Various scripting languages used as syntax for generating web pages support functions and parameters that are not universally recognized by web browsers. Even though the Firefox browser is one of several browsers that are in common use in the mainstream, only it recognizes a particular property called "@counter-style" that lets the author manually define a way to make numbered lists display the numbers as entirely different symbols. Considering how a browser being unable to fully parse pages that competing browsers have no trouble with would negatively affect that browser's image, one would be forgiven for being confused as to why browsers do not automatically support as many obscure and potentially creative forms of syntax as possible.
It can be theorized that this phenomenon is at least partially owed to how each browser was originally formed to provide a different service that serves particular demographics that the existing browsers of the time had not adequately served yet. For example, Google Chrome places extra focus on expanding its own functionality and potential to match the ongoing evolution of Internet technology as a whole. As much as a browser's original mission can influence the types of syntax it can support, however, it also happens on many occasions that accomplished programmers craft original functions and insert them into browsers mainly for experimentation's sake.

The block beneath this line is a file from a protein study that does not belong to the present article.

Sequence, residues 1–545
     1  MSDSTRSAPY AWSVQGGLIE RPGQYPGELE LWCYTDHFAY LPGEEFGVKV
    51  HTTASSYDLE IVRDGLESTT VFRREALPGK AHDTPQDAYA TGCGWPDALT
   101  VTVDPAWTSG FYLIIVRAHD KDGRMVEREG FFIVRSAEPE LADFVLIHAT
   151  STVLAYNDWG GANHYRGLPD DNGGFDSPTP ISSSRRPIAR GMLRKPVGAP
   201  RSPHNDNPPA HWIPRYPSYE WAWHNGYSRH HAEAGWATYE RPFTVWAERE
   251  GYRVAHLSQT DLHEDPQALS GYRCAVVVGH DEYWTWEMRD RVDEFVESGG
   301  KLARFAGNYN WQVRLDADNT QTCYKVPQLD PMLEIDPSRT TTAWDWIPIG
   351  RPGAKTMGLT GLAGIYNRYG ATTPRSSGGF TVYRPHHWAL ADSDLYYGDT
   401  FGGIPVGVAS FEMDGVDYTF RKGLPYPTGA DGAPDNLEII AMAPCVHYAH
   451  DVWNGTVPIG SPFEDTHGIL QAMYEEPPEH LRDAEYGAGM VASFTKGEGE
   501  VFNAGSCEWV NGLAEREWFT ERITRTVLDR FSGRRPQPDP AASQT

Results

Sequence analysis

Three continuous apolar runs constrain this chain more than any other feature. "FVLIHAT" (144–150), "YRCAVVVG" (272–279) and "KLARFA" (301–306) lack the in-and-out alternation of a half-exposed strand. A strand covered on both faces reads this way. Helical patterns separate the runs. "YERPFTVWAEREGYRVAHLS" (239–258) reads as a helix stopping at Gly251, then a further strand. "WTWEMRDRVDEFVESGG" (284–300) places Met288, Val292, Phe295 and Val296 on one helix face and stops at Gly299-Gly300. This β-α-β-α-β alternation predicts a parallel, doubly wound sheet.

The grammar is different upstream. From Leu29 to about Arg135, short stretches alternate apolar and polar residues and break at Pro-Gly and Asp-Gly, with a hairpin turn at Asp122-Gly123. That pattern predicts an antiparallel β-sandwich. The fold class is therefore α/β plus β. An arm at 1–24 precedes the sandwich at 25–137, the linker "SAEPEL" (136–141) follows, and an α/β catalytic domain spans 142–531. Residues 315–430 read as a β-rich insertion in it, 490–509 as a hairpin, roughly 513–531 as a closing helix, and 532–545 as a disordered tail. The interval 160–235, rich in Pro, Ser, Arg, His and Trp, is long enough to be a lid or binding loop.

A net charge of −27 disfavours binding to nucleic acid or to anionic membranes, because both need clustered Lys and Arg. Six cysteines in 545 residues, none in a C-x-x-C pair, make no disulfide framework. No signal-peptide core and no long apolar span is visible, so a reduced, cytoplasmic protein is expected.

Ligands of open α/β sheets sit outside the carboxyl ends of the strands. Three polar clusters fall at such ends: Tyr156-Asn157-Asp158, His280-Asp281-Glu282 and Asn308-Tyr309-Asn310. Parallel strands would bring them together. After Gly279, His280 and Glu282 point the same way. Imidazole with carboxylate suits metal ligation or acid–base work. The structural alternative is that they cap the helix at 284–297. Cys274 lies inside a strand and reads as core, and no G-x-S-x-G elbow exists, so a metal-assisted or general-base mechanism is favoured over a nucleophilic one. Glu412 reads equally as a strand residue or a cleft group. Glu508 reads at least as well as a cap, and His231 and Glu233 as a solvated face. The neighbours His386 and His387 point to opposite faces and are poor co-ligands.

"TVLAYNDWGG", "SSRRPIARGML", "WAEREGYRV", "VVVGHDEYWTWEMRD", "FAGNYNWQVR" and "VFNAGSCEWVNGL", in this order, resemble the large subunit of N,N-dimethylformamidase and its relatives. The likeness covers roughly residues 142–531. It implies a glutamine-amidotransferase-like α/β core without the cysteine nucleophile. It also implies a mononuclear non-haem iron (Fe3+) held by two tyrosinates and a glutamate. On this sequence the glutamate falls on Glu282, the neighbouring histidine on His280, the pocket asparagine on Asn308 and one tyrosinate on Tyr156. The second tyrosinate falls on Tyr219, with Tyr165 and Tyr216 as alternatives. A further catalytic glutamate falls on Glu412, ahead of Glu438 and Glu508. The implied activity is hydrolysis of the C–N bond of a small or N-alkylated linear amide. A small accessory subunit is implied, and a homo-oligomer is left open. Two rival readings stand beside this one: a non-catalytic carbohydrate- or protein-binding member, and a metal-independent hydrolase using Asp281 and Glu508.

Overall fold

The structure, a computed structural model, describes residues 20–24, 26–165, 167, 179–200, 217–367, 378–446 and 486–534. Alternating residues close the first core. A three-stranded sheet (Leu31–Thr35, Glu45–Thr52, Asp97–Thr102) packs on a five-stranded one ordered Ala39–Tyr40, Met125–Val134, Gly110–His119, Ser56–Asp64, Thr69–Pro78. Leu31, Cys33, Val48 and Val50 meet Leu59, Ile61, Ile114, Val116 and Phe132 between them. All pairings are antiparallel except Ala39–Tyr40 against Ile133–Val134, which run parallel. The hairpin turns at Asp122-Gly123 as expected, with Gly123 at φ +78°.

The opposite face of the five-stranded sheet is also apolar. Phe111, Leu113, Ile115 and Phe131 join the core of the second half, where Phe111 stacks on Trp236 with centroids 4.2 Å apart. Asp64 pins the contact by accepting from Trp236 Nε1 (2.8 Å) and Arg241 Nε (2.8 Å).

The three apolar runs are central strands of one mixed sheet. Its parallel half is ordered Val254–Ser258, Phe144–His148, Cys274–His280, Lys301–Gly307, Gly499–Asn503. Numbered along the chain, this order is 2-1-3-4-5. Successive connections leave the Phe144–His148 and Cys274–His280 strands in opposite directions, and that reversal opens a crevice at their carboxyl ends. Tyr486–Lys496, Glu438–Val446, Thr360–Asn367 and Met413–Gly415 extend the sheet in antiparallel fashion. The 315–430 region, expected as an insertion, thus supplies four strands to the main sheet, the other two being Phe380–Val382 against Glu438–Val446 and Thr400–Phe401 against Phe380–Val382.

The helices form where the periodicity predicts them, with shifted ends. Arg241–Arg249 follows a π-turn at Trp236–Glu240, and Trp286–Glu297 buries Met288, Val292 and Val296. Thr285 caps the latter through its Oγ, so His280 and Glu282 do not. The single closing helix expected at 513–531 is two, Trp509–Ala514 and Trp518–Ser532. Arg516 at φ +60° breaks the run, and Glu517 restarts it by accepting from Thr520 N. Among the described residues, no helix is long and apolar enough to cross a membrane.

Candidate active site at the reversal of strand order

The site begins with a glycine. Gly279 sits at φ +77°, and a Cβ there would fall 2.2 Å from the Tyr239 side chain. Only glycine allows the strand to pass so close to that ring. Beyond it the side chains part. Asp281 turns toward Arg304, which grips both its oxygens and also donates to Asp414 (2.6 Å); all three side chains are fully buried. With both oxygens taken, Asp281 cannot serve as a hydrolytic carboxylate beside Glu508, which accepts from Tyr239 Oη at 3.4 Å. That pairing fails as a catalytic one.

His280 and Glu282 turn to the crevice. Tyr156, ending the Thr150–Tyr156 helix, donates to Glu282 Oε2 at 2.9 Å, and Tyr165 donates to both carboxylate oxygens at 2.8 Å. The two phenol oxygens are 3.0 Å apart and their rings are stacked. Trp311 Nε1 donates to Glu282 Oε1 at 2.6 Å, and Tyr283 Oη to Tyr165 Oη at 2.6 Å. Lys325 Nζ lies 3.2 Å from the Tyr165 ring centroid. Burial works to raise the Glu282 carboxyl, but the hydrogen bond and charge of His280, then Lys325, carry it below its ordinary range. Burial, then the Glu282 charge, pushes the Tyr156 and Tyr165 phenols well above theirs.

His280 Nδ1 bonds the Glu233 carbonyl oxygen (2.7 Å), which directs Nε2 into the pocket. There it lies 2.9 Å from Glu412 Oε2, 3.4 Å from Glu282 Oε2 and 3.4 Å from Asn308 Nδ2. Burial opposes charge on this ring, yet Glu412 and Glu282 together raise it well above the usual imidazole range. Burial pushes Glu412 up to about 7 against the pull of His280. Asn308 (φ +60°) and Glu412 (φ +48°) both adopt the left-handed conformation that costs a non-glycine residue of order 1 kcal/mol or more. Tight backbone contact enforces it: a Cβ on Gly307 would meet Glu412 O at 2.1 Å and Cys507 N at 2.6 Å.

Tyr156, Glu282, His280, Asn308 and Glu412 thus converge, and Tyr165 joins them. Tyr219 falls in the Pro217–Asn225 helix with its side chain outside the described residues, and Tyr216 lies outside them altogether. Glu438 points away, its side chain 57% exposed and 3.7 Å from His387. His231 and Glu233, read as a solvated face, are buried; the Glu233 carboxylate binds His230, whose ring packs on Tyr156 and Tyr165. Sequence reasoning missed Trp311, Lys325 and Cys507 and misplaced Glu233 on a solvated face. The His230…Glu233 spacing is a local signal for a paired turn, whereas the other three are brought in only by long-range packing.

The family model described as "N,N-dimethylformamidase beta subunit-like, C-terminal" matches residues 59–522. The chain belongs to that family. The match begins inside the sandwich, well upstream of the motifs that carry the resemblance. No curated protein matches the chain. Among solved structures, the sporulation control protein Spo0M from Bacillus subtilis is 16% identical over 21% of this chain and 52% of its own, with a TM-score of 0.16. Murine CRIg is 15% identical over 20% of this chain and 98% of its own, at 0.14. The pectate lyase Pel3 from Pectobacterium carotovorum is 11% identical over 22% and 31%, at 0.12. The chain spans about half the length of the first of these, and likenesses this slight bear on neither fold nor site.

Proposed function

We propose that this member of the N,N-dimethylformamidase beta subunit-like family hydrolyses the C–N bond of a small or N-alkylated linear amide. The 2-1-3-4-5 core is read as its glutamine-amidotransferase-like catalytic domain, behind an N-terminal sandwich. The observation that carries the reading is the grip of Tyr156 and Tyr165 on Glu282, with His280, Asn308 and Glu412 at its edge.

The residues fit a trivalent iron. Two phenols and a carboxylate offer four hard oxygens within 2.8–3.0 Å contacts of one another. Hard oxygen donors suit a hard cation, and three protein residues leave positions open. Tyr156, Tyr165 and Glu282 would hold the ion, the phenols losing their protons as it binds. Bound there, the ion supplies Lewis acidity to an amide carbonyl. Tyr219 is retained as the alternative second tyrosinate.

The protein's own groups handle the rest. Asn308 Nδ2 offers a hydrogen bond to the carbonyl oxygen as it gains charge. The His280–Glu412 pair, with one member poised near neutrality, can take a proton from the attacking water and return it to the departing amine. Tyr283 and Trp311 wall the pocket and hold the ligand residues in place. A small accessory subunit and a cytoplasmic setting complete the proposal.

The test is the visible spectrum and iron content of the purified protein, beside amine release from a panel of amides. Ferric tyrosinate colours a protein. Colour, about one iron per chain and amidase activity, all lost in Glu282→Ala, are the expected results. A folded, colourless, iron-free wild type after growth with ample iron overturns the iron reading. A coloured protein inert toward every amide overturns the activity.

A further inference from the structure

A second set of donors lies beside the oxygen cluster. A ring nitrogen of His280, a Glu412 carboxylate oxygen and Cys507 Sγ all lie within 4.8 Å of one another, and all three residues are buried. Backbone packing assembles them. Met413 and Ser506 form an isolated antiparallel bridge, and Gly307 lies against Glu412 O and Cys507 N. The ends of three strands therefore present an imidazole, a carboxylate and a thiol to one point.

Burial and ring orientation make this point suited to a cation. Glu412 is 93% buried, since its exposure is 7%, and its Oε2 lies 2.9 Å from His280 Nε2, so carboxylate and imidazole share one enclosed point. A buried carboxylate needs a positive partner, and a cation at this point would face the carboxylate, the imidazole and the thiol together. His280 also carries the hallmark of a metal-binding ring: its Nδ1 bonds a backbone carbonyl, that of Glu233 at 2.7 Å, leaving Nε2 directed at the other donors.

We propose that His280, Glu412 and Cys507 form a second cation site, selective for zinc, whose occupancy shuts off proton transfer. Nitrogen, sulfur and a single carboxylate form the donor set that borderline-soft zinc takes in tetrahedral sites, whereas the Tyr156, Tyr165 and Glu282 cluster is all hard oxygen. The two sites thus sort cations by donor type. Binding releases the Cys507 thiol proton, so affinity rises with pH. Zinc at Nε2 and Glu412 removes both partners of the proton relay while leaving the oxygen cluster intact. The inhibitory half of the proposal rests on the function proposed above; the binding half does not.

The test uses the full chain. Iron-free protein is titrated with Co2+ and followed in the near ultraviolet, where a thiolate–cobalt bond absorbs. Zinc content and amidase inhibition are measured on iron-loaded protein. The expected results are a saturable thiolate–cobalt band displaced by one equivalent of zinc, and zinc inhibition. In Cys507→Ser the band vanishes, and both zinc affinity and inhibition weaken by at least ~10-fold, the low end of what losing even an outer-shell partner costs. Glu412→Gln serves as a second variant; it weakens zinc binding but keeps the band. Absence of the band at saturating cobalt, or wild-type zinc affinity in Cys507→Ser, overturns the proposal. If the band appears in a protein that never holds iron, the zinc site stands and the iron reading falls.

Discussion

The individuals composing the development team unavoidably form a pool of talent that cannot be duplicated by any other team, and this can be influenced just as much by what exactly is allotted to the team for it to work with. The budget devoted to a particular project will naturally define what is realistic for a team to create and how ambitious it may consider itself open to being along the way. Furthermore, the order in which a web browser or another program's features are developed is significant because features are often interconnected. Other features often use existing features as a foundation, so a feature will likely shape the final form of other features developed in the future by making certain concepts those features could use harder to realize than others. For more information click here https://www.reddit.com/r/web_design/comments/awq07u/whats_the_logic_behind_browser_support_and_why/.